“The spirit of monasticism is utterly unlike most of what seems to drive the everyday world. Like certain writers, the monks live at an angle to that world, but are not contemptuous of it.” P53
He challenges the perception that those who choose to live a life as contemplative monks or nuns are escapists who have chosen an easy way out to avoid having to deal with the complexities of modern life.
“… the monastic life not an escape from life but a deep confrontation with it. Applying this to myself, I saw that I was refusing to allow such a confrontation to take place within my own life. There is something bare about the life of a monk. All the props and scaffolding have been removed… monks do not dodge the world but face it at its very centre which lies at the core of each person’s life… it is a difficult life in which one faces one’s own particular demons head-on.” P61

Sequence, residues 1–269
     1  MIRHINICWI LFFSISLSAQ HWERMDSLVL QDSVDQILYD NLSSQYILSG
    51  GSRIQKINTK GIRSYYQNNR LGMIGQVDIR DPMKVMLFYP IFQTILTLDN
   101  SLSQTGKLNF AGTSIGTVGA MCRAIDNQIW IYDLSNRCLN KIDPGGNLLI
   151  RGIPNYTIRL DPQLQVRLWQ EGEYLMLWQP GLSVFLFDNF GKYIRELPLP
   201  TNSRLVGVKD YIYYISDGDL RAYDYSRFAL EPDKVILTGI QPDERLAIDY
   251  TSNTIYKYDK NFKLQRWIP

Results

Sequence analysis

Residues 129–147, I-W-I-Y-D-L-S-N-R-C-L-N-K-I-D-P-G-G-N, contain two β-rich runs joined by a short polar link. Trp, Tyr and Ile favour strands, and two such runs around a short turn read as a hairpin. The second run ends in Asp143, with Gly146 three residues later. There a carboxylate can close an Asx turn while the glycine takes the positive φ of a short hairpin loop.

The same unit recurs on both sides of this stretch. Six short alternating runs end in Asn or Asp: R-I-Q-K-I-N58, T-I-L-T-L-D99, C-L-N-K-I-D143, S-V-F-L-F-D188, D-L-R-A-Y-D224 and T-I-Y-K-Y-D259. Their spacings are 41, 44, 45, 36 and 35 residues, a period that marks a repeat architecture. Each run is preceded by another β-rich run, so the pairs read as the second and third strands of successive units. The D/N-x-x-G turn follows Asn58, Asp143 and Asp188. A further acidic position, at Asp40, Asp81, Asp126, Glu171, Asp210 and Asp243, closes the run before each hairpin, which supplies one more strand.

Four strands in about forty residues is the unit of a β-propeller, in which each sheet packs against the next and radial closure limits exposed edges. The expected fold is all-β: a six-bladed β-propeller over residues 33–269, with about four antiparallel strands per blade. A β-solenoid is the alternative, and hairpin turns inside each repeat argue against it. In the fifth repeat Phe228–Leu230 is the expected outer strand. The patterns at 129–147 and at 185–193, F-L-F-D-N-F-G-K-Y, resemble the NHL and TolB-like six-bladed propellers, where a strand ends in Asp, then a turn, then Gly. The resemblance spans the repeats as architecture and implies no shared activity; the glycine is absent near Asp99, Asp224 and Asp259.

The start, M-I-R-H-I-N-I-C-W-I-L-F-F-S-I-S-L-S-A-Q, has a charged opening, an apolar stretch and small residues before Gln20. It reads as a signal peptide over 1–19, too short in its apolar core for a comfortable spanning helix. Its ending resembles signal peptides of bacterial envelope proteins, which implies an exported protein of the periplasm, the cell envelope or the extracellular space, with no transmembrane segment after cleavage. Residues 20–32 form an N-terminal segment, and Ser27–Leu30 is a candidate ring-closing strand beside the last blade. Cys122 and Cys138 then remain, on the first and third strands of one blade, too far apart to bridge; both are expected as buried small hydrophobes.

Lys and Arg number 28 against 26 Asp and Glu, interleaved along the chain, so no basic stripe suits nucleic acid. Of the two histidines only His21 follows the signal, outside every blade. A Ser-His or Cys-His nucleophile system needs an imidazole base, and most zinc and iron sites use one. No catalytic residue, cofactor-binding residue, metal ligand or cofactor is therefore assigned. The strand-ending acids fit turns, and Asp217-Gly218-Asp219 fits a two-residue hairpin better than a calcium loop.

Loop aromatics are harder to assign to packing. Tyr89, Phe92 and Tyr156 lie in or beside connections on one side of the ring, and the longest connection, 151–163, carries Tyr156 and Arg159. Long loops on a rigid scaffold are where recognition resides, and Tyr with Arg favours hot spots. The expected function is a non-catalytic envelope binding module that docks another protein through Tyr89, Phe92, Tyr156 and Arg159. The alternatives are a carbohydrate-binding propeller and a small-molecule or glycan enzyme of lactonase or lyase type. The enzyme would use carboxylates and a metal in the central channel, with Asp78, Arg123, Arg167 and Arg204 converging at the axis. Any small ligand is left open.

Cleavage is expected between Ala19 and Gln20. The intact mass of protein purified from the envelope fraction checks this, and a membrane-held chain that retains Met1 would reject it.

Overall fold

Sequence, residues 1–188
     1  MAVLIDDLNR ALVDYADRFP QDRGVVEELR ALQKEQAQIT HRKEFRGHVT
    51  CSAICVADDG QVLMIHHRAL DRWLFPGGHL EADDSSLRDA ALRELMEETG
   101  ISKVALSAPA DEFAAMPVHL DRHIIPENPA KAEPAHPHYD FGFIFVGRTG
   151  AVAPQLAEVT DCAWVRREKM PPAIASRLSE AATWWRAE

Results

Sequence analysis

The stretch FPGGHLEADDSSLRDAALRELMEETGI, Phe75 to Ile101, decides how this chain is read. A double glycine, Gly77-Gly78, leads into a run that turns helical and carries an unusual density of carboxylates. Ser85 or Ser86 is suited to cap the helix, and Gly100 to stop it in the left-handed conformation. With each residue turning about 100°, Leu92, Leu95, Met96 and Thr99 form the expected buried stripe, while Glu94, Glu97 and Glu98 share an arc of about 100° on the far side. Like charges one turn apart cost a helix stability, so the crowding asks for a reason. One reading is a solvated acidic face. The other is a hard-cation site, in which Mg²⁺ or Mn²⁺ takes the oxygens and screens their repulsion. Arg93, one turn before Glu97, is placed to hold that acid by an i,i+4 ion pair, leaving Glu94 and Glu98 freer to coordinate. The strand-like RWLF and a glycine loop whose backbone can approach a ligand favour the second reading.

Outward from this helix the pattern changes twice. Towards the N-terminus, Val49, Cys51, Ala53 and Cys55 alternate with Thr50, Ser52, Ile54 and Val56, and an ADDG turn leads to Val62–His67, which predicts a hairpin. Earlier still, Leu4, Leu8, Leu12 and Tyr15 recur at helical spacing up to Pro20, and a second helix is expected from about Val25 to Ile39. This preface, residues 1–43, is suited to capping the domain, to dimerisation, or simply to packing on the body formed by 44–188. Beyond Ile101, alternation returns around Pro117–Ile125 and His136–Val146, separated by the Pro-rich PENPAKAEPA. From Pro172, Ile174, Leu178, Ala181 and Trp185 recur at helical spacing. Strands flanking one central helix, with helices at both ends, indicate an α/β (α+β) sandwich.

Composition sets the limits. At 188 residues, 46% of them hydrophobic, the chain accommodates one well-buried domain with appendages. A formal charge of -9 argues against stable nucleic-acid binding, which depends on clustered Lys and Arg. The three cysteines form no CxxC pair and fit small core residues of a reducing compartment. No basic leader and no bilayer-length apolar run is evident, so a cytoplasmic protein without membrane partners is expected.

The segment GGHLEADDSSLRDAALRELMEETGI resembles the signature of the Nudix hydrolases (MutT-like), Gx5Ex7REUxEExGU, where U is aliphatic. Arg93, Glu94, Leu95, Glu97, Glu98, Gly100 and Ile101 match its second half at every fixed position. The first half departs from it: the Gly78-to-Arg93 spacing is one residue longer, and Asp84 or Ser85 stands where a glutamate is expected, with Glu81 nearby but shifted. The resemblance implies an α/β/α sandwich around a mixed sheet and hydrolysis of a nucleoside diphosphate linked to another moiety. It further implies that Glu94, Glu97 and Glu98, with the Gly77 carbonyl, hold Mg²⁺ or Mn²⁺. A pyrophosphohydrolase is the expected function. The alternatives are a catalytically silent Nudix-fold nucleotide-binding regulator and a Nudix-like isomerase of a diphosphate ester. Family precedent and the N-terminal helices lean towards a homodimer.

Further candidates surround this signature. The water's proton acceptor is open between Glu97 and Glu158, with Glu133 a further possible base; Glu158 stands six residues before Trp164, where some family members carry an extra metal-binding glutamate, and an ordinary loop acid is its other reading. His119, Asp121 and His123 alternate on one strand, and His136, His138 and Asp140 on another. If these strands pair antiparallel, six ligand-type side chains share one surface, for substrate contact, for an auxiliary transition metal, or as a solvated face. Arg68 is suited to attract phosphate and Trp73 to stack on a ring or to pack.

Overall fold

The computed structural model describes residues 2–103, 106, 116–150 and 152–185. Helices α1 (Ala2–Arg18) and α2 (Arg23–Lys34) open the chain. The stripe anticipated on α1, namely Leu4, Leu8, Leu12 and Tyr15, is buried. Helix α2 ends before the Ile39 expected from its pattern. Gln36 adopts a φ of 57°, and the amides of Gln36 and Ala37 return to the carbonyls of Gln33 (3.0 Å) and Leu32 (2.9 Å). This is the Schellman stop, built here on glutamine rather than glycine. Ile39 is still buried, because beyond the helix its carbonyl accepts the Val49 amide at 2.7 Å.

“… the monk’s life demands physical and mental fitness and it is not for escapists… monasteries are poor escape hatches for eventually one is forced to meet one’s self in darkness and silence, and that can be an unpleasant experience.” P77
Dunne quotes the American Trappist monk Thomas Merton who in a speech just a few weeks before he died said: “In speaking for monks I am really speaking for a very strange kind of person, a marginal person, because the monk in the modern world is no longer an established person with an established place in society… Thus I find myself representing perhaps the hippies among you, poets, people of this kind who are seeking all sorts of ways and have no established status whatever… are monks and hippies and poets relevant? No, we are deliberately irrelevant. We live with an ingrained irrelevance which is proper to every human being.” P76